Fort Worth minority groups still face barriers to fair housing, survey is showing

Posted Wednesday, Sep. 25, 2013  comments  Print Reprints

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Some groups in Fort Worth, primarily African-Americans and Hispanics, face barriers to fair housing, according to preliminary study results presented at a special meeting called by the Community Development Council on Wednesday.

The final results and recommendations for improvement will be available to the city in December, said Robert Gaudin, director of research and planning for Western Economic Services, the Portland, Ore.-based company that is working on the analysis.

Preliminary findings, however, indicate that even when African-Americans, Anglos and Hispanics have similar incomes, the minority groups are charged higher interest rates on loans and are disproportionately denied loans.

Overall, from 2004 through 2011, 15.2 percent of Anglos were denied a housing loan while 33.1 percent of African-Americans and 25.7 percent of Hispanics were denied loans, according to the study.

Those denials were heavily concentrated in the southeast and the near northwest areas of the inner city of Fort Worth.

Other issues included having an overconcentration of assisted and lower-income housing in selected areas; lack of coordination between public transit routes, job locations and lower-income residential areas; and discrimination in rental markets related to terms and conditions of leases and refusal to rent outright.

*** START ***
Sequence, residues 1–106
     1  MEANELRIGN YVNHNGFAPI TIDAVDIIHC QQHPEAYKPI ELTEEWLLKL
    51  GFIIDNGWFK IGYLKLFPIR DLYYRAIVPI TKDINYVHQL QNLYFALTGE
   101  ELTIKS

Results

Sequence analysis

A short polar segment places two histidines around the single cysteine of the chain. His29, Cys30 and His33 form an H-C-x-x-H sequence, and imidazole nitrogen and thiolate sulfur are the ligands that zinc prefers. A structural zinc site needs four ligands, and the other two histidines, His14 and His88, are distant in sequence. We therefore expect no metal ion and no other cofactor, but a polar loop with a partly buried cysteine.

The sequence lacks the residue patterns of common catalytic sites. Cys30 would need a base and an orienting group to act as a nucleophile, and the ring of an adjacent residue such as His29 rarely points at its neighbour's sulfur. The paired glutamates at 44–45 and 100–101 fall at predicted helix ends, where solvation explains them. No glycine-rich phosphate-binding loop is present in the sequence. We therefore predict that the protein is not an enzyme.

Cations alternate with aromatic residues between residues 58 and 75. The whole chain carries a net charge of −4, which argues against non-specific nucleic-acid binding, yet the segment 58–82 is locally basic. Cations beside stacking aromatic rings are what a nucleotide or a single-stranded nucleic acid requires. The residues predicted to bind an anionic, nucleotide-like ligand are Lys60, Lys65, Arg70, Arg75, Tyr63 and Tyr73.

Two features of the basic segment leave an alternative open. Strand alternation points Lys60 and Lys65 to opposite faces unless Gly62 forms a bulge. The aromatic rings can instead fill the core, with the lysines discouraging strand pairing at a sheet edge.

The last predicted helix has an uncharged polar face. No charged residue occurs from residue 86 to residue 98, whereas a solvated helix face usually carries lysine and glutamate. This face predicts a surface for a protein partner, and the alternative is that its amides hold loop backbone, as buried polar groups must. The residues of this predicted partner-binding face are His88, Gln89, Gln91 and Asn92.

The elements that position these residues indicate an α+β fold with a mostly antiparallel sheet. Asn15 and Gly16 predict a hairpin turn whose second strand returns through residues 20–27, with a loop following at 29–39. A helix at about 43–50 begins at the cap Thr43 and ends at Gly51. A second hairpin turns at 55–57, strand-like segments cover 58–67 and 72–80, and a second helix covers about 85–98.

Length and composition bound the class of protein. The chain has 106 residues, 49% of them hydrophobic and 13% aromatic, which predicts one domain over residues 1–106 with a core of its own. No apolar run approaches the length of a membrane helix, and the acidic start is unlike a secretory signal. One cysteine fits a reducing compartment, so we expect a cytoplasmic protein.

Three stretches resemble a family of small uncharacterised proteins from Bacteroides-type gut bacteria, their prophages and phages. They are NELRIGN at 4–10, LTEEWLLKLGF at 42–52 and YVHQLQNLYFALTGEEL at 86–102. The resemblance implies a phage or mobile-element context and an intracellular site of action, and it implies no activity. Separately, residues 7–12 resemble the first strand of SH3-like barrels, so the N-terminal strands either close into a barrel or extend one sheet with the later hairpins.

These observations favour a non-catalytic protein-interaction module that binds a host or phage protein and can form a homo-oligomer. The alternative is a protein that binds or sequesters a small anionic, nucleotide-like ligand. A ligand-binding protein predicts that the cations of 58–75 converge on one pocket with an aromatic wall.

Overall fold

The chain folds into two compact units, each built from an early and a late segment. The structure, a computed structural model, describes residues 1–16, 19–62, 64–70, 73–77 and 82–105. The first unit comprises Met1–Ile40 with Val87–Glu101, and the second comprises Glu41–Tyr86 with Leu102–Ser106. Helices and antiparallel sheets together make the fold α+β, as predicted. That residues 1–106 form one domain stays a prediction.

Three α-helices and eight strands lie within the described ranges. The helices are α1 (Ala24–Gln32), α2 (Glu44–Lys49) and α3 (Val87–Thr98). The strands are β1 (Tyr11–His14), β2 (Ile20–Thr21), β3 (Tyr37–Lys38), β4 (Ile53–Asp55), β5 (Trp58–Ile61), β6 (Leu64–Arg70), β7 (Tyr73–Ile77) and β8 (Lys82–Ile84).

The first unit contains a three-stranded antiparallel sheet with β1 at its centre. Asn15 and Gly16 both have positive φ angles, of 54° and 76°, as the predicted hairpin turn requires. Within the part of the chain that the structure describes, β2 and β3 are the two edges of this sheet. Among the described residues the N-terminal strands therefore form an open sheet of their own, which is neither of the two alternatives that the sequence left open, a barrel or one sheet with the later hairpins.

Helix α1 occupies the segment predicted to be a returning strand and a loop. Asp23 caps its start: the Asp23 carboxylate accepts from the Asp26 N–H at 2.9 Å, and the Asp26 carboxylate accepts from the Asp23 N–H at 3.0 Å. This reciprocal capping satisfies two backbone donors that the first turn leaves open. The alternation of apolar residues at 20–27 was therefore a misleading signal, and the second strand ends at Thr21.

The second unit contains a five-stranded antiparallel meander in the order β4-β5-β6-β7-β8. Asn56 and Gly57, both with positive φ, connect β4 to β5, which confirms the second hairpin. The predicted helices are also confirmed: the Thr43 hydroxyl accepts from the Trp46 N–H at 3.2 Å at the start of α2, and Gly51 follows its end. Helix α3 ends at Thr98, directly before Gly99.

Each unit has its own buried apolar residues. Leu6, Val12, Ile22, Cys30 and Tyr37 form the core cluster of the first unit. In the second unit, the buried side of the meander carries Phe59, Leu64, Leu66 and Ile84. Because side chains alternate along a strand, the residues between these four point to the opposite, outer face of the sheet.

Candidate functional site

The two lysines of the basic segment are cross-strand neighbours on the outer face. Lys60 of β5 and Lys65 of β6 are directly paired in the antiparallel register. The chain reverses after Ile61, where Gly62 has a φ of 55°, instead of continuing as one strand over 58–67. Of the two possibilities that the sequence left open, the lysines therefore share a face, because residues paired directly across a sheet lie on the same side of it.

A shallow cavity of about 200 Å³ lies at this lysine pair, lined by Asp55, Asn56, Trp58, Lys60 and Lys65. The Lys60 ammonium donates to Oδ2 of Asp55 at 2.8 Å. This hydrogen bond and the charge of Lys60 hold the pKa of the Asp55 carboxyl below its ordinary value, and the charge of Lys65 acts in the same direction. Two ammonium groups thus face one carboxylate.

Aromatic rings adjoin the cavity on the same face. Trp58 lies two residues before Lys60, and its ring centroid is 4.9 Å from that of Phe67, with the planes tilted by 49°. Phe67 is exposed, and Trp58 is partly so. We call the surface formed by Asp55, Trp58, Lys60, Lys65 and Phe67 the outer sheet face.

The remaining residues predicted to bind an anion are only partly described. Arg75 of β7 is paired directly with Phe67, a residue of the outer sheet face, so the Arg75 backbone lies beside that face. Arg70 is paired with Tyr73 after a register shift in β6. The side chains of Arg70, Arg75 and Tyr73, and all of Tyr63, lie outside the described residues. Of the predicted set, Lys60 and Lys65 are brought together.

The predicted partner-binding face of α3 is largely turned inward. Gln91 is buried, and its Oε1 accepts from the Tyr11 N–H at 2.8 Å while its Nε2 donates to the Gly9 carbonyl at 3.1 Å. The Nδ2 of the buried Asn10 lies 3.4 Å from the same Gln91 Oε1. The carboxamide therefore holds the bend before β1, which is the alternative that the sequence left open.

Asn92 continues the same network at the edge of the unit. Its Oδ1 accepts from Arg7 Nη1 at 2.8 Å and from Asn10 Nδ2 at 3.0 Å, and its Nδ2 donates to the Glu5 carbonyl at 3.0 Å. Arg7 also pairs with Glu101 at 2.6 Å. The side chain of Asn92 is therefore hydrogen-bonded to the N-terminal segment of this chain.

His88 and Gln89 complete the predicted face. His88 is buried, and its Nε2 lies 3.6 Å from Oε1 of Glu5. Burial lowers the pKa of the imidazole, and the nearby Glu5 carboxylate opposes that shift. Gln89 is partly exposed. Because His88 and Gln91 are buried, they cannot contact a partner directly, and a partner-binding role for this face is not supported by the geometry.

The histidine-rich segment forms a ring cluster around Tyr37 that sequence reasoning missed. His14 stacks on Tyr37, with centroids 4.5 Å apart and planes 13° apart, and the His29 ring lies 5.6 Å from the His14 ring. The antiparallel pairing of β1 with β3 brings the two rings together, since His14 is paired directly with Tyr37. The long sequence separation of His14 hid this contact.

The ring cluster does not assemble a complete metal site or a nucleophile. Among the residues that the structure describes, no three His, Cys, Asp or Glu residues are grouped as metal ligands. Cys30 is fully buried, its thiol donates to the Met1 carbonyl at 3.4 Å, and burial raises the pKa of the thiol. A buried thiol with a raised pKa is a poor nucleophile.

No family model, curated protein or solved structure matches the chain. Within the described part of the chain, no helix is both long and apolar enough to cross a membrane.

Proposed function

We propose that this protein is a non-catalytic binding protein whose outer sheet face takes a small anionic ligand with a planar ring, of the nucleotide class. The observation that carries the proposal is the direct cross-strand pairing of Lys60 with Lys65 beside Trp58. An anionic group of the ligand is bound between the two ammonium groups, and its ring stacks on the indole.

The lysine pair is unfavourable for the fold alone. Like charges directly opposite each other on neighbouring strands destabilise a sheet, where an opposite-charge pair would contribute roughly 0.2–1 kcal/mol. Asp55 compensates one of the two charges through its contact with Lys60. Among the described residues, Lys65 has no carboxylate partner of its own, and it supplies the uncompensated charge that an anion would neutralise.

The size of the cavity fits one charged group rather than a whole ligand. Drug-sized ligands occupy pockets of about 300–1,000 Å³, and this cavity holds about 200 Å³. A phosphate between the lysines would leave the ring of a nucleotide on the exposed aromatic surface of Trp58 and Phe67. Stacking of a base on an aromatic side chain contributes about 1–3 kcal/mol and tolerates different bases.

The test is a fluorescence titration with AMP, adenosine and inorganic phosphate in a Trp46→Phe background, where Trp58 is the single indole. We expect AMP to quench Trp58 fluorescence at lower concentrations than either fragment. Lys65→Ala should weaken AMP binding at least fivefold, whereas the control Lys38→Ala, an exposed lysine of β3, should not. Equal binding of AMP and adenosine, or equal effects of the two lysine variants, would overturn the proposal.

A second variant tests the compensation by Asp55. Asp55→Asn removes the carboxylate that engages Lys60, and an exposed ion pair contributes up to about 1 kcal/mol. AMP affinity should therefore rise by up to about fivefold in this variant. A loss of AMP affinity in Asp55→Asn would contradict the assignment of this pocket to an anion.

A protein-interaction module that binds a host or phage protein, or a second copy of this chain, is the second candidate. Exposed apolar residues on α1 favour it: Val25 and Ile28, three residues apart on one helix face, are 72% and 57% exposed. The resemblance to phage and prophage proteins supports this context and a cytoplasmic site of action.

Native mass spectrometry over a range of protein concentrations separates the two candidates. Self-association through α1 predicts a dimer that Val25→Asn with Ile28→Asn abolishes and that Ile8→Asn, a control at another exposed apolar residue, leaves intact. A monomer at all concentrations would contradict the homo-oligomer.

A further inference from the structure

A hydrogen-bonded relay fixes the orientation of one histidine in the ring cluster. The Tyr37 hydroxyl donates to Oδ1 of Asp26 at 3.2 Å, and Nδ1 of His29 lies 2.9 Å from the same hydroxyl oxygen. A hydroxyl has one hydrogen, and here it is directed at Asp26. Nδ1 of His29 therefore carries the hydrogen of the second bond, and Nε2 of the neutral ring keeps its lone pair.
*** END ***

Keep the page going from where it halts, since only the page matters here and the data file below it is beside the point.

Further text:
Nancy Dahle, director of housing for the women’s shelter Safe Haven, shared many of the same concerns found in the study.

“Our clients have a very difficult time finding housing outside of the poverty areas. Those are the areas they find they have to live in,” Dahle said during the meeting. “It seems to me it would be better for these people to go to an area that was more diverse as far as income, ethnicity, job opportunities and so forth.

Dahle said public transit system needs to be improved, since it can take two to three hours for some people using bus service to get to work.

Gaudin also expressed concern over the lack of understanding of fair-housing issues shown by Fort Worth residents who responded to a survey conducted as part of the study. The survey will continue until Oct. 14. It is available at

The Analysis of Impediments to Fair Housing Choice is required every three to five years by the Housing and Urban Development Department.

Cynthia Garcia, acting director for the city Housing and Economic Development Department, said Fort Worth made several improvements after the last study was completed in 2010.

Her department will receive about $10 million for this budget year from HUD and uses the money for things like housing counseling, housing partnerships and sponsors housing summits.

Caty Hirst, 817-390-7984 Twitter @catyhirst

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